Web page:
The events of this day are both alarming and encouraging.  It is entirely possible for people to hear truth about Jesus and not believe it.  They can encounter Jesus and fail to recognize Him.  They may come face to face with Him and misidentify Him.  People can fail to understand what the Bible has to say about Jesus.

The Bible affirms that, for whatever reason, not everyone who has eyes, sees, and not everyone with ears, hears.  It’s not just a matter of God presenting Himself in such a way that no one could ever doubt or disbelieve.  He has presented Himself in such a way that man might believe.  The fact also remains, though, that many might also not believe.  Our mind and heart and disposition play a part.  (David Deffenbaugh, Bill McFarland)

“And they said to one another, ‘Did not our heart burn within us while He talked with us on the road, and while He opened the Scriptures to us?'”  Luke 24:31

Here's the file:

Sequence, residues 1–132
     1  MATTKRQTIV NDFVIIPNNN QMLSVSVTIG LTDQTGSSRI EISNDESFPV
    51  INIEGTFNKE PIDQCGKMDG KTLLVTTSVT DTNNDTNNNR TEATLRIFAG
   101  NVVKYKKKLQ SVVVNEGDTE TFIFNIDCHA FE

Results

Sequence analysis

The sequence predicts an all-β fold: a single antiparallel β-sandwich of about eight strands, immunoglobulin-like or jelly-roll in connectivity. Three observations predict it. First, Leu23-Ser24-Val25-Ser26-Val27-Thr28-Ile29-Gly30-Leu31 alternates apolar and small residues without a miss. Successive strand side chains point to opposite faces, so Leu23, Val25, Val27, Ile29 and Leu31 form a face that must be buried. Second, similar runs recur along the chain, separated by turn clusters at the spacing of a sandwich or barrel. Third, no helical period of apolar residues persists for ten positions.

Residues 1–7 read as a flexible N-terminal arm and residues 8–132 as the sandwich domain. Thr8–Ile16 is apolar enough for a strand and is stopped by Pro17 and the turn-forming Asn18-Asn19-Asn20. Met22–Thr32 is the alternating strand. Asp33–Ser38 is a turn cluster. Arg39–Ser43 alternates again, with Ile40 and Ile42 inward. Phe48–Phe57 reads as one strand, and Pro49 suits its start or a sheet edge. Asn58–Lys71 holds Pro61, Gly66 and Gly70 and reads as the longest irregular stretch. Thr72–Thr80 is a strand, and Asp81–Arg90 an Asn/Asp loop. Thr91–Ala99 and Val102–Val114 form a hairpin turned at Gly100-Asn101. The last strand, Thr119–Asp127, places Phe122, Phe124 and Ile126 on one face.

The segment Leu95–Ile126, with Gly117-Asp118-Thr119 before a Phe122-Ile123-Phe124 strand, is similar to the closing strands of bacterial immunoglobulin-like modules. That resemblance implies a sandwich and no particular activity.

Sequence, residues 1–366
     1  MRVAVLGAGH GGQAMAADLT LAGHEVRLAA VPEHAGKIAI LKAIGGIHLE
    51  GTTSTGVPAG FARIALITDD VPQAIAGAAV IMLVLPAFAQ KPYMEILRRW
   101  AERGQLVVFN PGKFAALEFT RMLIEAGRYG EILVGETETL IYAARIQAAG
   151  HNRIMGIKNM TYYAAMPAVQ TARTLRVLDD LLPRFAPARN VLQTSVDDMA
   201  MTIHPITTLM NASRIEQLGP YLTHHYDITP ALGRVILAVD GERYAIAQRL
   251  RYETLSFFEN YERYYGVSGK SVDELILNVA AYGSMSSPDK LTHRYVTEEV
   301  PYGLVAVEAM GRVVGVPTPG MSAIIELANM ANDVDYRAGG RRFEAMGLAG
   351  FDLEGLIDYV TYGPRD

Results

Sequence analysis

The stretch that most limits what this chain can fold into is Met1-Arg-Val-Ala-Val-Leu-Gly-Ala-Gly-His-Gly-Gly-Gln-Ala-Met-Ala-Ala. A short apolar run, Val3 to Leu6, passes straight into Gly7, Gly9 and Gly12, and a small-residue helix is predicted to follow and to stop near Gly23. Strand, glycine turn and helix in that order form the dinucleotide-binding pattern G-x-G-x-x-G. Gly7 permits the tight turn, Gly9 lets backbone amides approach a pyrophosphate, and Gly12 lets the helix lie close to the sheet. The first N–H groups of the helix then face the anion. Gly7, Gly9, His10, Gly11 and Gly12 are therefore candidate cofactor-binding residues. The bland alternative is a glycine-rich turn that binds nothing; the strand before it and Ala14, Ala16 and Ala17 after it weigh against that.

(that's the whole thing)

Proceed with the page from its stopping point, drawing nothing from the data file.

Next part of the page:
Mike Benson

25 things you can do to point someone to go heaven

1–Pay a compliment to someone who does not like you or know you very well.
2–Choose the moral high ground, whether it be your speech or attitude or deed, especially if toward someone who has treated you ill.
3–Say a word of encouragement to someone who seems down.
4–Make a brief call, visit, or write someone who is sick, lost, spiritually slipping, or dealing with troubles.
5–Find a way to share the positive difference Christ is making in your life.
6–Spend quality time with your spouse and children.
7–Tell a friend or neighbor about an upcoming event at church and invite them to attend with you.
8–Take a meal, babysit, mow the grass, or do some similar act of service that reveals Christ to them.
9–Share a passage that you have recently found helpful with someone for whom it might have direct application to a life situation.
10–Pray for opportunities to share Christ, look for them, and seize them.
11–Never miss an opportunity to smile and say “hello”–even to STRANGERS!
12–Read your Bible while on the plane, bus, carpool, etc.–it rarely fails to start a spiritual conversation.
13–Spend time studying God’s Word on a subject that will help make you a better soul-winner.
14–Invite a new Christian over for dinner or coffee and dessert.
15–Repay evil with good.
16–Turn the other cheek.
17–Go the second mile.
18–Let your speech be always with grace, seasoned with salt.